Recently, Columbia Law School’s Sabin Center for Climate Change Law – along with the UNEP – published the 2023 update to their periodic report on global climate litigation. The report, published every three years since 2017, shows a continuing increase in climate litigation with total number of cases rising from 884 in 2017 to 2,180 in 2023. The cases unsurprisingly emerge primarily in the US, with roughly 70% of climate cases in US courts.
The report identifies the following six trending topics for climate litigation:
- Ongoing and increasing numbers of cases relying on human rights enshrined in international law and national constitutions to compel climate action
- Challenging the domestic enforcement (and non-enforcement of climate-related policies)
- Seeking to keep fossil fuels and carbon sinks in the ground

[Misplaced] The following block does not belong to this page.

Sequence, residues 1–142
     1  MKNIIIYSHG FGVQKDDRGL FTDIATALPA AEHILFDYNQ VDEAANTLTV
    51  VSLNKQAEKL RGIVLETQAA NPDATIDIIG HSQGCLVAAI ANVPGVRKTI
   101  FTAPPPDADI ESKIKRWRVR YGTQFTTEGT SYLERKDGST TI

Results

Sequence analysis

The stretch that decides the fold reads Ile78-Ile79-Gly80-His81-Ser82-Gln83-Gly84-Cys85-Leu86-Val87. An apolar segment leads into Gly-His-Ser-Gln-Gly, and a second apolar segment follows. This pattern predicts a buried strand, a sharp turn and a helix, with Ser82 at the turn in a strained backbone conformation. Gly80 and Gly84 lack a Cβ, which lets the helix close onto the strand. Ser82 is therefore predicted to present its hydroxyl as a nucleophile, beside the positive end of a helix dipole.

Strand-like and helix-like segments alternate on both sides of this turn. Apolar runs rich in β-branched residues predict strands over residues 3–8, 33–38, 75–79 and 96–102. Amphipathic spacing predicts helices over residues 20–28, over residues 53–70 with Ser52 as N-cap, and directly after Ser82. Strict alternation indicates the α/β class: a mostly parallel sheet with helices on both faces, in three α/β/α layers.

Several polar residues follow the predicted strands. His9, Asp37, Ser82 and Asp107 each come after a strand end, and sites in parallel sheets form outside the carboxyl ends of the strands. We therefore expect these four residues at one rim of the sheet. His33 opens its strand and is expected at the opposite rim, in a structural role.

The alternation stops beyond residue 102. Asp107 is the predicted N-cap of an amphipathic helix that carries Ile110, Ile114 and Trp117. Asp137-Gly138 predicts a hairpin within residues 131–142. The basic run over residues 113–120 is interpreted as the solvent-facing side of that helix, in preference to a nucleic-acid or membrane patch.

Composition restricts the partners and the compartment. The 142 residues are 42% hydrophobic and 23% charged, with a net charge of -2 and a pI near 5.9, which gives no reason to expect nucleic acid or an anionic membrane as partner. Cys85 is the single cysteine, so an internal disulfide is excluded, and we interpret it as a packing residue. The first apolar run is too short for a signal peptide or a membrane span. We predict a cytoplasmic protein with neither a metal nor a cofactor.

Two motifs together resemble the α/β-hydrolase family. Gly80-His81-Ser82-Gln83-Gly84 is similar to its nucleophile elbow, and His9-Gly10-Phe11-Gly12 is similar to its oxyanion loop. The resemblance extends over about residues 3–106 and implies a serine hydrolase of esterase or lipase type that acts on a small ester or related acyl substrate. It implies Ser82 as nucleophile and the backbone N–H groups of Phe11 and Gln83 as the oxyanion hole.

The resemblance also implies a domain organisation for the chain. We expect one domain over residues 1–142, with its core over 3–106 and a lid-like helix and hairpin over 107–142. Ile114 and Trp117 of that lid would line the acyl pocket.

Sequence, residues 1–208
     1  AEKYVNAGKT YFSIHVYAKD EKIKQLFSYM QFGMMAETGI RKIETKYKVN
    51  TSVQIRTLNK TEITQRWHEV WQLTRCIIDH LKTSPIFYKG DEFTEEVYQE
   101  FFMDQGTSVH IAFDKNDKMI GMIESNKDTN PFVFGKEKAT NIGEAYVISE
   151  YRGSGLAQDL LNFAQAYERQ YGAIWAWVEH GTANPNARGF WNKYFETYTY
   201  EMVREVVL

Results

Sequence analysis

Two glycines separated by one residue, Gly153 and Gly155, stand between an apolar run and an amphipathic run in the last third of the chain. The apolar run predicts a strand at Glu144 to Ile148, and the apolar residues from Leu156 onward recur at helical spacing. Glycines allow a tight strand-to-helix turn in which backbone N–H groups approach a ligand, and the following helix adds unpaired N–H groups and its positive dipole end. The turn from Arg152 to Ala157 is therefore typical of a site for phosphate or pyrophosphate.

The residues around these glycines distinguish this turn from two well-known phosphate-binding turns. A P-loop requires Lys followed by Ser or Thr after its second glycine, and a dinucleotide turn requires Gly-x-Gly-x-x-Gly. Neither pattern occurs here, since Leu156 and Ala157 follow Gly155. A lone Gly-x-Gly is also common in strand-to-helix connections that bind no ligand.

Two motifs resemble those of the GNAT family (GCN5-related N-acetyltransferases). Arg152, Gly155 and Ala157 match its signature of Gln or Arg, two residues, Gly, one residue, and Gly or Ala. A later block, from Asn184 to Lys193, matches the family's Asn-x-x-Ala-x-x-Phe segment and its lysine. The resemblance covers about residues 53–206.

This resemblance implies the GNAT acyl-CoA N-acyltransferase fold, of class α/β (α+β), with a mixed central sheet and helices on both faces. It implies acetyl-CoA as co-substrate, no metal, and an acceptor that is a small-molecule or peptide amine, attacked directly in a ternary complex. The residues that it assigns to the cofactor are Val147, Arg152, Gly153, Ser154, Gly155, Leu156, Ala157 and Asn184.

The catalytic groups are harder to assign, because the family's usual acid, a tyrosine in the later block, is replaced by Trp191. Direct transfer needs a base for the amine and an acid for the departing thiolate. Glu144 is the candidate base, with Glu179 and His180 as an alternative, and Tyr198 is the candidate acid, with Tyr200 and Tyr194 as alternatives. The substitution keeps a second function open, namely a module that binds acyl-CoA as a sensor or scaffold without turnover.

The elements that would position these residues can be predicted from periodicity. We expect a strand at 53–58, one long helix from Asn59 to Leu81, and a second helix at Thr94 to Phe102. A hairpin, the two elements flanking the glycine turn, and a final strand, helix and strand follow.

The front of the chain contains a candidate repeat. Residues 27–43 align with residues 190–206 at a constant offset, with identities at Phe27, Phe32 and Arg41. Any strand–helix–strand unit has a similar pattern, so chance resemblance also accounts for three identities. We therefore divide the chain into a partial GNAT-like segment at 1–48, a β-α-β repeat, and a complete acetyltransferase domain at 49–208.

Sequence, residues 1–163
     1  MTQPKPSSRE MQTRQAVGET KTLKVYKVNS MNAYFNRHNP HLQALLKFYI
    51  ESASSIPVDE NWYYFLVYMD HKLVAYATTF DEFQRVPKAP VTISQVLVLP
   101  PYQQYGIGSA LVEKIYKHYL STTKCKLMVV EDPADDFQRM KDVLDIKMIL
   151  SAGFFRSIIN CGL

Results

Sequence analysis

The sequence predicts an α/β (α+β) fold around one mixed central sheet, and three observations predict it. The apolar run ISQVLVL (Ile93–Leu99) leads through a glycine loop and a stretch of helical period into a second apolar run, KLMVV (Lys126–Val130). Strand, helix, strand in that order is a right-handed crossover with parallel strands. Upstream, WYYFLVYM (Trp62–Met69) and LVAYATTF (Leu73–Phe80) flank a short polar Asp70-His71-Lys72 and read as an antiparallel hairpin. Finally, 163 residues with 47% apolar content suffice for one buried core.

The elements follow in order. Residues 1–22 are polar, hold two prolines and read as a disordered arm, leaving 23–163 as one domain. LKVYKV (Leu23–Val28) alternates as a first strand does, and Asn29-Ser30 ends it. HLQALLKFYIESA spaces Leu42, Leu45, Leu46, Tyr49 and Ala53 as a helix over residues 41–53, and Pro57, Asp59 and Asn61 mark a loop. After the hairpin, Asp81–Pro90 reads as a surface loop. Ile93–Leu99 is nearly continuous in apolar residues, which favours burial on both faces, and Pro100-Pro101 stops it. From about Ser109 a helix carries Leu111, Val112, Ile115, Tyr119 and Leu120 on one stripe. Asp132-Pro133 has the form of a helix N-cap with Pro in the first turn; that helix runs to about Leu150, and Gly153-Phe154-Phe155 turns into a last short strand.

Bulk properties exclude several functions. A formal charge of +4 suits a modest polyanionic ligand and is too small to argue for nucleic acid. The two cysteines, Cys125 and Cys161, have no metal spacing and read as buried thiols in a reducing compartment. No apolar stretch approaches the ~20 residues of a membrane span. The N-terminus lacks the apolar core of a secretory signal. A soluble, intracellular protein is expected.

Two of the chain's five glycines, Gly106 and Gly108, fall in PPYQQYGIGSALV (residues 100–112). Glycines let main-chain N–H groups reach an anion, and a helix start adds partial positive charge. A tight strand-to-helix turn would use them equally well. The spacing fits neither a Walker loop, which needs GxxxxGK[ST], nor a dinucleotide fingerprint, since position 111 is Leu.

- Claiming corporate liability and responsibility for climate harms
- Advocating for greater climate disclosures and an end to greenwashing
- Addressing failures to adapt and the impacts of adaptation.
The Sabin report corroborates similar reports from recent years – meaning litigation risk for companies is growing and changing in nature. Not only should companies assess their own climate litigation exposure, but they should consider how climate rulings against governments may impact their operations. Our members can track the latest developments in civil litigation and regulatory enforcement on our Compliance / Enforcement / Litigation Subject Area page.